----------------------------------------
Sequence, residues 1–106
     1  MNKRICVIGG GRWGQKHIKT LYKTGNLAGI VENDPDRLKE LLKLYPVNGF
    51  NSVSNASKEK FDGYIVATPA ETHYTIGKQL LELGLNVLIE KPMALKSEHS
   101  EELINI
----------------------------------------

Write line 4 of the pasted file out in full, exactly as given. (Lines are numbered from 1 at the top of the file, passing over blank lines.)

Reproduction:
   101  EELINI